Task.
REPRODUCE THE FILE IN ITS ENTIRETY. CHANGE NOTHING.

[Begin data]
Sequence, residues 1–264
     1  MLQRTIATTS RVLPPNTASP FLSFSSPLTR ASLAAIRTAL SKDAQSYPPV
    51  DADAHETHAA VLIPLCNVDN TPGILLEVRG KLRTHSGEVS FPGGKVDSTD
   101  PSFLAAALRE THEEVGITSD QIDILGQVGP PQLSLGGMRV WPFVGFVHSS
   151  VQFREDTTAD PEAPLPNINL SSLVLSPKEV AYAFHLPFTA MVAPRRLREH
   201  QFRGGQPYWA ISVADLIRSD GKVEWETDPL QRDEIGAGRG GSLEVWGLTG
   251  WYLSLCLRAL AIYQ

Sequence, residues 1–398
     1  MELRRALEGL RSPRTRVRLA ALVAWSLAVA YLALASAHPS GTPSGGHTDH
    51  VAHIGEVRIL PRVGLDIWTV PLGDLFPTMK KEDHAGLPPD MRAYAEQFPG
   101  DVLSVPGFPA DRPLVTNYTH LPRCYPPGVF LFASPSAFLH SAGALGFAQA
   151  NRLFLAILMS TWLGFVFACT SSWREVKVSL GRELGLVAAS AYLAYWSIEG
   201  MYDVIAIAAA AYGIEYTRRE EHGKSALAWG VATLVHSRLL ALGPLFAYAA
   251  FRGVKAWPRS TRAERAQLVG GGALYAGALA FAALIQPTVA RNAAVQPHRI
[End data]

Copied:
Sequence, residues 1–264
     1  MLQRTIATTS RVLPPNTASP FLSFSSPLTR ASLAAIRTAL SKDAQSYPPV
    51  DADAHETHAA VLIPLCNVDN TPGILLEVRG KLRTHSGEVS FPGGKVDSTD
   101  PSFLAAALRE THEEVGITSD QIDILGQVGP PQLSLGGMRV WPFVGFVHSS
   151  VQFREDTTAD PEAPLPNINL SSLVLSPKEV AYAFHLPFTA MVAPRRLREH
   201  QFRGGQPYWA ISVADLIRSD GKVEWETDPL QRDEIGAGRG GSLEVWGLTG
   251  WYLSLCLRAL AIYQ

Sequence, residues 1–398
     1  MELRRALEGL RSPRTRVRLA ALVAWSLAVA YLALASAHPS GTPSGGHTDH
    51  VAHIGEVRIL PRVGLDIWTV PLGDLFPTMK KEDHAGLPPD MRAYAEQFPG
   101  DVLSVPGFPA DRPLVTNYTH LPRCYPPGVF LFASPSAFLH SAGALGFAQA
   151  NRLFLAILMS TWLGFVFACT SSWREVKVSL GRELGLVAAS AYLAYWSIEG
   201  MYDVIAIAAA AYGIEYTRRE EHGKSALAWG VATLVHSRLL ALGPLFAYAA
   251  FRGVKAWPRS TRAERAQLVG GGALYAGALA FAALIQPTVA RNAAVQPHRI